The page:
Trump promises 'orderly transition of power'

President Donald J. Trump (Official White House Photo)

President Trump has not “conceded” the 2020 election, but in the early morning hours after Congress certified the electoral vote he issued a statement promising an “orderly transition” of power on Inauguration Day.

“Even though I totally disagree with the outcome of the election, and the facts bear me out, nevertheless there will be an orderly transition on January 20th. I have always said we would continue our fight to ensure that only legal votes were counted,” Trump said through Dan Scanvino, the White House deputy chief of staff for communications.

“While this represents the end of the greatest first term in presidential history, it’s only the beginning of our fight to Make America Great Again!”

Debate over the first of possibly six contested slates of electors was underway when a pro-Trump rally turned into chaos at the Capitol building, forcing lawmakers into hiding. By the time the joint session resumed, many senators had reversed their decision to sign off on objections by House members, which requires the two chambers to separate and debate for two hours.

Rep. Jody Hice, R-Ga., objected to Georgia’s electoral votes, Rep. Marjorie Taylor Greene, R-Ga., to Michigan’s and Rep. Mo Brooke, R-Ala., to Nevada’s. But no senator joined them.

Sen. Kelly Loeffler, R-Ga., explained that she withdrew her objection to the electors in her state because of the violence at the Capitol.

“When I arrived in Washington this morning, I fully intended to object to the certification of the electoral votes,” she told her colleagues. “However, the events that have transpired today have forced me to reconsider and I cannot now, in good conscience, object.”

Seven of the 13 senators who said they would object voted to reject Pennsylvania’s electoral votes: Sen. Ted Cruz, R-Texas, Sens. Josh Hawley, R-Mo., Cindy Hyde-Smith, R-Miss., Cynthia Lummis, R-Wy., Roger Marshall, R-Kan., Rick Scott, R-Fla., and Tommy Tuberville, R-Ala.

Lummis, in a statement early Thursday, said the chaos at the Capitol “overshadowed” the issue.

“I have serious concerns about election integrity, especially in Pennsylvania, and expressed some of them in a written statement to the Senate. But today’s sickening, un-American attack on the U.S. Capitol overshadowed that debate,” Lummis said. “Congress cannot fix problems with election integrity, only states can fix these problems. But Congress can investigate those problems and raise awareness.”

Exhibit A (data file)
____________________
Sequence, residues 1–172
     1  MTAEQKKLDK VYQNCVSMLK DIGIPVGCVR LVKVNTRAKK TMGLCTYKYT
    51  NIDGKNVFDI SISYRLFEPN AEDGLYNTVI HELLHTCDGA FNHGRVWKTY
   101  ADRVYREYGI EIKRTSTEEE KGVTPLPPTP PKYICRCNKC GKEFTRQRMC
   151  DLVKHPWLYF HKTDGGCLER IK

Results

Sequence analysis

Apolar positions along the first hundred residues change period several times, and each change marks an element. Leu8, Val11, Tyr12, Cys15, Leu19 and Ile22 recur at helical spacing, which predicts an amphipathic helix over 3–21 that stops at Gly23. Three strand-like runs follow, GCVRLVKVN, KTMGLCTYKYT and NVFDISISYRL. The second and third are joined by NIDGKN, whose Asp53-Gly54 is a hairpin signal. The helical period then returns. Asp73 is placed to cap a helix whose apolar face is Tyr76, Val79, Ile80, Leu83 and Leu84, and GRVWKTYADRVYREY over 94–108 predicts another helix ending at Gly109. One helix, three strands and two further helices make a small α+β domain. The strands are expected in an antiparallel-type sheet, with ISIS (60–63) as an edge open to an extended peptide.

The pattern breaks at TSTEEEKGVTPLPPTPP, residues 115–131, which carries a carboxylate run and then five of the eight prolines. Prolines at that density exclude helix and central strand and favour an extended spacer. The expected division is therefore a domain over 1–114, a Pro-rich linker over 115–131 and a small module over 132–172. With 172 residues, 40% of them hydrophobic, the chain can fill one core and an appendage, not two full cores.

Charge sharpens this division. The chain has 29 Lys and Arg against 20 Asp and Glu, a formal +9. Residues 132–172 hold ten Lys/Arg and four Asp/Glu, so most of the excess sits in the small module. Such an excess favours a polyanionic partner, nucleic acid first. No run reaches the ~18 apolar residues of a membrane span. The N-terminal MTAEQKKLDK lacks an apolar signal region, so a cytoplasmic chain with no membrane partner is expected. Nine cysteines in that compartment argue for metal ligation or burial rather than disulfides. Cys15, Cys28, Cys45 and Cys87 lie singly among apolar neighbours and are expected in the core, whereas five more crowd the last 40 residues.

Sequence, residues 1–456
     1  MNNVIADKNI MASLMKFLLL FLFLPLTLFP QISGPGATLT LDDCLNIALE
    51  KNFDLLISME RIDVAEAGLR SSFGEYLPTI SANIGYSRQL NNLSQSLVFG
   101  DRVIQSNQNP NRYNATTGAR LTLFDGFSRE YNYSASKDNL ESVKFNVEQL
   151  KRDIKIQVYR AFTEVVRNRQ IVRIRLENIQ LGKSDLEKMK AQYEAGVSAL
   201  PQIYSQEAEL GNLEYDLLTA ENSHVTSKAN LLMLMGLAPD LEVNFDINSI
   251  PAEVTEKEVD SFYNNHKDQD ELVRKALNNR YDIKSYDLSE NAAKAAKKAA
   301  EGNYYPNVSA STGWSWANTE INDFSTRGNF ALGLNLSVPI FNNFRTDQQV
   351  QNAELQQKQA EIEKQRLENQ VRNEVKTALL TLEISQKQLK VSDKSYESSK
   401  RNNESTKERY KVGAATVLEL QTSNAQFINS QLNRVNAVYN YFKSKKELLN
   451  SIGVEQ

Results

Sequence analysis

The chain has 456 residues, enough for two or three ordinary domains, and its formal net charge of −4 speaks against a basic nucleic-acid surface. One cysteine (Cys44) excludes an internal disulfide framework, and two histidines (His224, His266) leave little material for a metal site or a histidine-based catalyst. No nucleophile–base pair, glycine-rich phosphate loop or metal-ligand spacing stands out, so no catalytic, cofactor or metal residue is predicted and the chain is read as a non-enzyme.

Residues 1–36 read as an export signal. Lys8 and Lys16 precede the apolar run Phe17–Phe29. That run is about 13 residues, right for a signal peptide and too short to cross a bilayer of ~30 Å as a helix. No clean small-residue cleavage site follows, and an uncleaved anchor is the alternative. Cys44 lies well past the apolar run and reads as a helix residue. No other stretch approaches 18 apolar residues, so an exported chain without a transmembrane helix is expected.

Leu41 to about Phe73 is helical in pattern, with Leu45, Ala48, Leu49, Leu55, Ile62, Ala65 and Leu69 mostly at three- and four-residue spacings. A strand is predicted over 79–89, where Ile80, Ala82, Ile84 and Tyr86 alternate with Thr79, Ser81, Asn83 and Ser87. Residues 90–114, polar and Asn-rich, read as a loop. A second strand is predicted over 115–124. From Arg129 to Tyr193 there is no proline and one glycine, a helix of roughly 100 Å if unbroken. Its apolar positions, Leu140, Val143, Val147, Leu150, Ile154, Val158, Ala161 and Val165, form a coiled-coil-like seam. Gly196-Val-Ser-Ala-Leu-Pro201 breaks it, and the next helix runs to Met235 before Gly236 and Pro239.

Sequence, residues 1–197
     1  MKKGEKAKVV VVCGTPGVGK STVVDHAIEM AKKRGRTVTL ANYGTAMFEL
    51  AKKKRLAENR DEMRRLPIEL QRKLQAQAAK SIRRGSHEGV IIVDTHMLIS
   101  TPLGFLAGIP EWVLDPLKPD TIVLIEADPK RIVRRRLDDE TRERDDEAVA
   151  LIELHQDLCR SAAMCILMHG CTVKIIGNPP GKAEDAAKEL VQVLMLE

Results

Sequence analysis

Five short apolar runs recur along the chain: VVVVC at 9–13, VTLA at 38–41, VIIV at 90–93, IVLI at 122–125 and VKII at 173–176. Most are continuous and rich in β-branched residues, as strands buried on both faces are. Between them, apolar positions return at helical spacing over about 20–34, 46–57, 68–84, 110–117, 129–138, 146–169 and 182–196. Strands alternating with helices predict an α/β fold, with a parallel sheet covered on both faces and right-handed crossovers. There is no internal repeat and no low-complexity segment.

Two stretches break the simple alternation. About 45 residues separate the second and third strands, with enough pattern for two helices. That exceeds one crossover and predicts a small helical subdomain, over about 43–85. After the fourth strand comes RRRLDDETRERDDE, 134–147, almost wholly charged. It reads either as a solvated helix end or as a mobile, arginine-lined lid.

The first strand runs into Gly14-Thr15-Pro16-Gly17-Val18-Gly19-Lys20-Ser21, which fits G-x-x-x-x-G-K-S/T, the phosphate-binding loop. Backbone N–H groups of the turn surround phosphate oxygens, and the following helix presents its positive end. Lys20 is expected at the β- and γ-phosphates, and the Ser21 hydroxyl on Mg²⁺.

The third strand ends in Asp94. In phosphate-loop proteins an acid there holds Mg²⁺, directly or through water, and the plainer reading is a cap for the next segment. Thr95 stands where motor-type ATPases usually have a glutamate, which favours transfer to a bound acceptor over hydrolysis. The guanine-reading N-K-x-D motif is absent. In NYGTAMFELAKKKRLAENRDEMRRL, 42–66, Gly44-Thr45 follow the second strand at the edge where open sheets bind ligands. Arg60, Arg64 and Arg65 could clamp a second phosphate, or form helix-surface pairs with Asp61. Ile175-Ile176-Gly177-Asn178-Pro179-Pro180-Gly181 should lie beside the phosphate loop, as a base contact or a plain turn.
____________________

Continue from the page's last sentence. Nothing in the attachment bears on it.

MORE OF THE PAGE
Trump has been widely accused of inciting his supporters on Wednesday through his rhetoric and his persistent challenge of the 2020 vote, which his critics charge is “baseless.”

During debate overnight, Rep. Matt Gaetz, R-Fla., addressed both the incitement charge and the oft-repeated claim of no evidence.

He argued that Trump “explicitly called for demonstrations and protests to be peaceful.”

“He was far more — you can moan and groan — but he was far more explicit about his calls for peace than some of the BLM and left-wing writers were this summer when we saw violence sweep across this nation,” the congressman said.

“Now, we came here today to debate, to follow regular order to offer an objection to follow a process that is expressly contemplated in our Constitution,” he continued. “And for doing that, we got called a bunch of seditious traitors.”

Gaetz pointed out that “not since 1985 has a Republican president been sworn in, absent some Democrat effort to object to the electors.”

“But when we do it, it is the new violation of all norms,” he said. “And when those things are said, people get angry.”

Gaetz said the vote fraud was “systemic.”

“We saw circumstances where when Democrat operatives couldn’t get the outcomes they wanted in state legislators,” he said. “When they couldn’t get the job done there, they went and pressured and litigated and usurped the Constitution with extra-constitutional action of some officials in some states.

“They fraudulently laundered ballots, votes, voter registration forms and then they limited review, ” the lawmaker said.

Gaetz said that after the 2016 election, Democrats “found out that they couldn’t beat Donald Trump at the ballot box with voters who actually show up, so they turned to impeachment and the witness box.”

“And when that failed, they ran to the mailbox, where this election saw an unprecedented amount of votes that could not be authenticated with true ID, with true signature match and with true confidence for the American people,” he said.

The courts, after the 2020 election failed to address the issue, he said, “by not holding evidentiary hearings to weigh the evidence.”

“We should not join in that failure. We should vindicate the rights of states,” he told his colleagues. “We should vindicate the subpoenas in Arizona that have been issued to get a hold of these voting machines. And we should reject these electors.”

See Gaetz’s remarks:

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